We decided on a flat in the west of Stuttgart, which is very close to the centre of town and surrounded by useful supermarkets and restaurants. The price of renting in Stuttgart is actually quite high and we have ended up paying a little more than we were in London, albeit for a far superior flat. The flat itself is an attic/loft conversion and is surprisingly spacious; the roof is scattered with Velux windows that allow a lot of natural light. The bathroom is very modern – and huge! – and includes our own personal sauna, which is surreal. In the central living space is an outside area with balcony, that is enclosed for privacy. It’s a pretty special place, although it being on the sixth floor – and the absence of a lift – does mean we will have to get used to the trek. I already feel sorry for the removal men.
We signed the contract in a stereotypically bureaucratic and protracted process that took nearly two hours. One thing that was noticeable was that, in almost all cases, the law is in favour of the landlord, with the tenant even having to pay for the upkeep of the boiler and for building maintenance. Also odd is the residents’ responsibility for cleaning of the pavement outside the building, apparently due to a lack of anything akin to Council Tax. There’s a little timetable at the entrance, leaving the tenants with no excuse for forgetting.
We don’t move in until the end of the month, but I’ll be sure to put a few photos up when we do.
Our first week in Stuttgart has come and gone, and while we’ve only scratched the surface, I can at least give a few basic impressions, a few passing comments.
Our temporary accommodation is in a suburb of Stuttgart, and I think it would be fair to say it is very quiet and peaceful. To go from the centre of Tokyo, to the centre of London and then come to the German equivalent of the village from Hot Fuzz was pleasantly surreal. Despite the remote setting, however, the level of spoken-English is incredible and has been sufficient for all situations everywhere we have been. The centre of the village is quiet in itself – except between the hours of 5 and 7pm when perhaps more than ten people can be spotted – but in the other direction is a huge expanse of woods that are barely used. This has been great for running and general wandering.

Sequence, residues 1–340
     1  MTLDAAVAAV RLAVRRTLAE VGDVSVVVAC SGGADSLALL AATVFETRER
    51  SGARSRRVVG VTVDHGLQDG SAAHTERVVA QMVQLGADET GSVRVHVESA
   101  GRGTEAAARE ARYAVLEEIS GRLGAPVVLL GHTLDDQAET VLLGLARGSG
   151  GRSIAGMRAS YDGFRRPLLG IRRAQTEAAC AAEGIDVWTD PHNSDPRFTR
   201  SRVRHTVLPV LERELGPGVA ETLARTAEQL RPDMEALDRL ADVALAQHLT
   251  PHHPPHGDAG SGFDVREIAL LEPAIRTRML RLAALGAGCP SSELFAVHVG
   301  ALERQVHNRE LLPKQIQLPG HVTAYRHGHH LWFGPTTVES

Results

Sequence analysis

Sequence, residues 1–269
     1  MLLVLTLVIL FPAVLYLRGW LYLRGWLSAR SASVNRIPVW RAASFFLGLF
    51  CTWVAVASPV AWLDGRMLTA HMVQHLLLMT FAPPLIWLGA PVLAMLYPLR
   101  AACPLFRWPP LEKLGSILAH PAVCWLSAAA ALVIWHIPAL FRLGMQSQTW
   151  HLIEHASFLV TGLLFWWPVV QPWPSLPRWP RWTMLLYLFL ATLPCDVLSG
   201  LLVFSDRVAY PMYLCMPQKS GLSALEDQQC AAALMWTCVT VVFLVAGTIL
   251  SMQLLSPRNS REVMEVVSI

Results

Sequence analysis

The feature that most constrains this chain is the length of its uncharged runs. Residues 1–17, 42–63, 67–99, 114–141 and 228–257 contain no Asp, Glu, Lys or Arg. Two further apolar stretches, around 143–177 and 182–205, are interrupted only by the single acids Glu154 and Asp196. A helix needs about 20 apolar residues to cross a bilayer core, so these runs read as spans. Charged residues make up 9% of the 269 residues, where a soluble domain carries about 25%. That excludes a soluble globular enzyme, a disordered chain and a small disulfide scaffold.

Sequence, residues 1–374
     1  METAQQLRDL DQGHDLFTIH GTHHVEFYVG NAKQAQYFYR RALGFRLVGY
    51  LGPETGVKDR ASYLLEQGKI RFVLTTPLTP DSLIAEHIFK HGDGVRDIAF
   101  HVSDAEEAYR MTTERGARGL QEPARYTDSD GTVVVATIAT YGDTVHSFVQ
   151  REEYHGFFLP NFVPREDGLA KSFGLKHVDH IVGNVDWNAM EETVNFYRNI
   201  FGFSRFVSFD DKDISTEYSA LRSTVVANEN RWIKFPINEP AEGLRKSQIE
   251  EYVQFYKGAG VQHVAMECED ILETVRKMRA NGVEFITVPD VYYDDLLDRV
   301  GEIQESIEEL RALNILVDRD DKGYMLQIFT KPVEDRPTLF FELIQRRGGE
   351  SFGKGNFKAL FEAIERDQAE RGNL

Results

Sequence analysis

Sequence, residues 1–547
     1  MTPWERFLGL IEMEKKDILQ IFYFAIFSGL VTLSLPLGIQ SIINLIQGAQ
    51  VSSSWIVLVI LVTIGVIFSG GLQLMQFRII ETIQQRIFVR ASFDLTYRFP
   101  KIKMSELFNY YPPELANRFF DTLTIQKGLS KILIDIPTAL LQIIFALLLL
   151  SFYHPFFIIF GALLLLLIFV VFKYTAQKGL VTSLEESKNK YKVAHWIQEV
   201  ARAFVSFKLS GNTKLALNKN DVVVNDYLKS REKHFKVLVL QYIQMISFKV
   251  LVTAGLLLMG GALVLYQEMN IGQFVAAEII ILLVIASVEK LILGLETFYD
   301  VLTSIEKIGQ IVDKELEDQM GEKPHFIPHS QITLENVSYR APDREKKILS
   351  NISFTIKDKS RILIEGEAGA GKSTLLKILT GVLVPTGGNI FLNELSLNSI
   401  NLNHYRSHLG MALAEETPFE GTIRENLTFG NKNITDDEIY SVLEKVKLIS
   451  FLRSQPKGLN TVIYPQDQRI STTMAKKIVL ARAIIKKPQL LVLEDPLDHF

I joined the local gym, which is deserted during the day. It’s nice, although I was told that I was not allowed to wear a sleeveless top – worn not for showing off but because I become a small fusion reactor when I exercise. Perhaps this was the German love of rules being manifested. Despite this, everyone we have had to deal with has been really friendly – especially our landlady, who baked us a cake – and has laughed far more often than is the norm. So the stereotype of the serious German has been disproved, at least.
The city itself is orientated around an extremely long shopping street, which has most chains you can imagine. During the week it is not so busy, but come Saturdays – unfathomably everything, including big chain supermarkets, is closed on Sunday – the place really fills up. The Opera House looks very nice and I look forward to seeing as many operas as possible inside it. To indulge my book fetish, there is also a huge, modern library just outside of town, the inside of which resembles the Penrose Stairs on a loop. It’s fair to say I’ll be spending quite a lot of time there.
More to follow.
We spent 20 months – remembered now with nostalgia intoxicating our brains, as incredible – in Tokyo and then a few months fewer in London, which was an interesting concoction of cultural enrichment and soul destruction; and now we find ourselves in Stuttgart, a little lower in key but of – I’m sure – no less value.
Being English, some of our compatriots may have wondered if we were conducting – with Japan already ticked off – our own tour of the old “Axis of Evil”. In reality our hermetic tendencies do not discriminate; we travel to see, to back up our opinions of foreign countries with experience, and to return to where we started and see that place for the first time (as the poem goes).